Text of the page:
Editor’s note: Attorneys at Goede, Adamczyk, DeBoest & Cross respond to questions about Florida community association law. The firm represents community associations throughout Florida and focuses on condominium and homeowner association law, real estate law, civil litigation, estate planning and commercial transactions.
Q: Hi, I live in a condominium, and the owners recently discovered that our Board President, who had been advertising his need for a job, is now employed part-time by our property management company. When confronted at the last Board meeting by a new Board member who called this situation a conflict of interest, our Board president and the property manager responded that they had checked with our attorney who determined that it was not. I don’t understand how this can’t be a conflict of interest. It would take a person of unusually strong character, I think, to be able to make impartial decisions with regard to our management company being an employee of that company in whatever capacity. If it is not a conflict, I would think it unethical at the very least and that we should be looking for a new president who has better judgement.
-A.V., Vero Beach
A: The fact pattern that you describe is highly unusual and certainly presents the potential for a conflict of interest, particularly in the event that the Board is not satisfied with the property management company’s performance and wants to have a meeting without the property management company present in order to discuss the issues in an open forum, as well as the possibility of replacing the property management company. To further complicate the issue, the President owes a fiduciary duty to the association, while at the same time he or she is employed by one of the vendors of the association, which may lead to situations where the President is either breaching the fiduciary duty owed to the association or acting outside of the parameters of his or her employment arrangement with the property management company. Another issue to consider is that 718.112(2)(a)(1) Fla. Stat. provides that the Board serves without compensation unless otherwise provided in the Bylaws, and an argument can be made that since a portion of the assessments which are collected from the owners and are paid indirectly to the President through his or her employment with the property manager that the President is in fact receiving compensation for serving on the Board. We recommend that you seek counsel from a qualified Florida Bar licensed attorney so they can review your association’s bylaws and advise whether there is any language approving a Board member to be paid compensation and to opine whether the indirect payment is the equivalent to the Board member receiving compensation for serving on the Board.
Q: We live in HOA in Jensen Beach, and in November 2017 our Board voted to raise our dues by 50%. Can they do that legally, or does there have to be a vote from the homeowners?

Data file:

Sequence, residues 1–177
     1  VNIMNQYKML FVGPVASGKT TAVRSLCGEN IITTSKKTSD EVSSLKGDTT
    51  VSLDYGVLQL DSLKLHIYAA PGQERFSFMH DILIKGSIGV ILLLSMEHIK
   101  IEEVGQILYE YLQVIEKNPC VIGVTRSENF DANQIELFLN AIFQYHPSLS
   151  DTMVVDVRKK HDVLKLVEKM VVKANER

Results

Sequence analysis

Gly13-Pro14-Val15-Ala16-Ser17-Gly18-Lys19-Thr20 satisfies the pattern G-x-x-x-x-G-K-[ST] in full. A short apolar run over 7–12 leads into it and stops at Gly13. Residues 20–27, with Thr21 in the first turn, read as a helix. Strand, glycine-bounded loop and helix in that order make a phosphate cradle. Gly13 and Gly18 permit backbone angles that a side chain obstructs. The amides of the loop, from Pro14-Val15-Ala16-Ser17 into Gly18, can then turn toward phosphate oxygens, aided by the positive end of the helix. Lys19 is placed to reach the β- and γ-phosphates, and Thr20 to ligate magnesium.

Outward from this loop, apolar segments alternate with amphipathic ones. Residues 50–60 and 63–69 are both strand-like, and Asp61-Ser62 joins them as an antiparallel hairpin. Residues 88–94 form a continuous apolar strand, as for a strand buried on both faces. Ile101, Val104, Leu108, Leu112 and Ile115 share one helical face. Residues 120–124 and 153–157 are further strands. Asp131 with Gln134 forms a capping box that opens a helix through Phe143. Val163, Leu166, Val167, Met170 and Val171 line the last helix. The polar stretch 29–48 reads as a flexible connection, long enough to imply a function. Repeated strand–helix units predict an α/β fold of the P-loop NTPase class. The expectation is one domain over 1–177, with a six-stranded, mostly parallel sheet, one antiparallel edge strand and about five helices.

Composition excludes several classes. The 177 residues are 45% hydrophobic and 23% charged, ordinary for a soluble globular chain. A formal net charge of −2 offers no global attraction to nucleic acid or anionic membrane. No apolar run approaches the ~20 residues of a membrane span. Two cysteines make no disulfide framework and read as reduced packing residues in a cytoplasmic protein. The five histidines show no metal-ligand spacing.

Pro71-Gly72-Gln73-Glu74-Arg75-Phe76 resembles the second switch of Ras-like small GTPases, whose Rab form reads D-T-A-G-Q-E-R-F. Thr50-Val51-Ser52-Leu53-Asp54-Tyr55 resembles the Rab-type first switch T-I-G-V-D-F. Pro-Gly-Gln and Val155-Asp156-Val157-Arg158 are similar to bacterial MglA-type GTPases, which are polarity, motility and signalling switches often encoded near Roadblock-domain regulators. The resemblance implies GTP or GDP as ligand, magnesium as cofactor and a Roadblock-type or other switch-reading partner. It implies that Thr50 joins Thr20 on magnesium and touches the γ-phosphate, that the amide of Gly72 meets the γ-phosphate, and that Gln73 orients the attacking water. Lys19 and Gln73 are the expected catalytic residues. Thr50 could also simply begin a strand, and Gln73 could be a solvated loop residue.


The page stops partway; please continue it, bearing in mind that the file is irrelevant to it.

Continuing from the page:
-J.N., Jensen Beach
A: Unfortunately, unlike a condominium association where if the budget is increased by more than 115% from the preceding year the membership has the authority to file a petition with the Board to have the budget reconsidered pursuant to the Condominium Act, the HOA Act does not have a similar provision. However, if your association’s governing documents have a self-imposed limit on the amount the budget can increase year over year, then your Board would have to follow that limitation. As an alternative remedy, if the membership is not happy with the decisions the Board is making, the membership may recall members of the Board by following the procedure as set forth in 720.303(10) Fla. Stat. We recommend that you seek counsel from a qualified Florida Bar licensed attorney to review your association’s governing documents and advise whether there is any language pertaining to a self-imposed limitation on yearly budget increases, and, if there is interest in the community among the membership, to discuss the procedure for recalling members of the Board.
Avi S. Tryson, Esq., is Partner of the Law Firm Goede, Adamczyk, DeBoest & Cross. Ask questions about your issues for future columns, send your inquiry to: firstname.lastname@example.org. The information provided herein is for informational purposes only and should not be construed as legal advice. The publication of this article does not create an attorney-client relationship between the reader and Goede, Adamczyk, DeBoest & Cross, or any of our attorneys. Readers should not act or refrain from acting based upon the information contained in this article without first contacting an attorney, if you have questions about any of the issues raised herein. The hiring of an attorney is a decision that should not be based solely on advertisements or this column.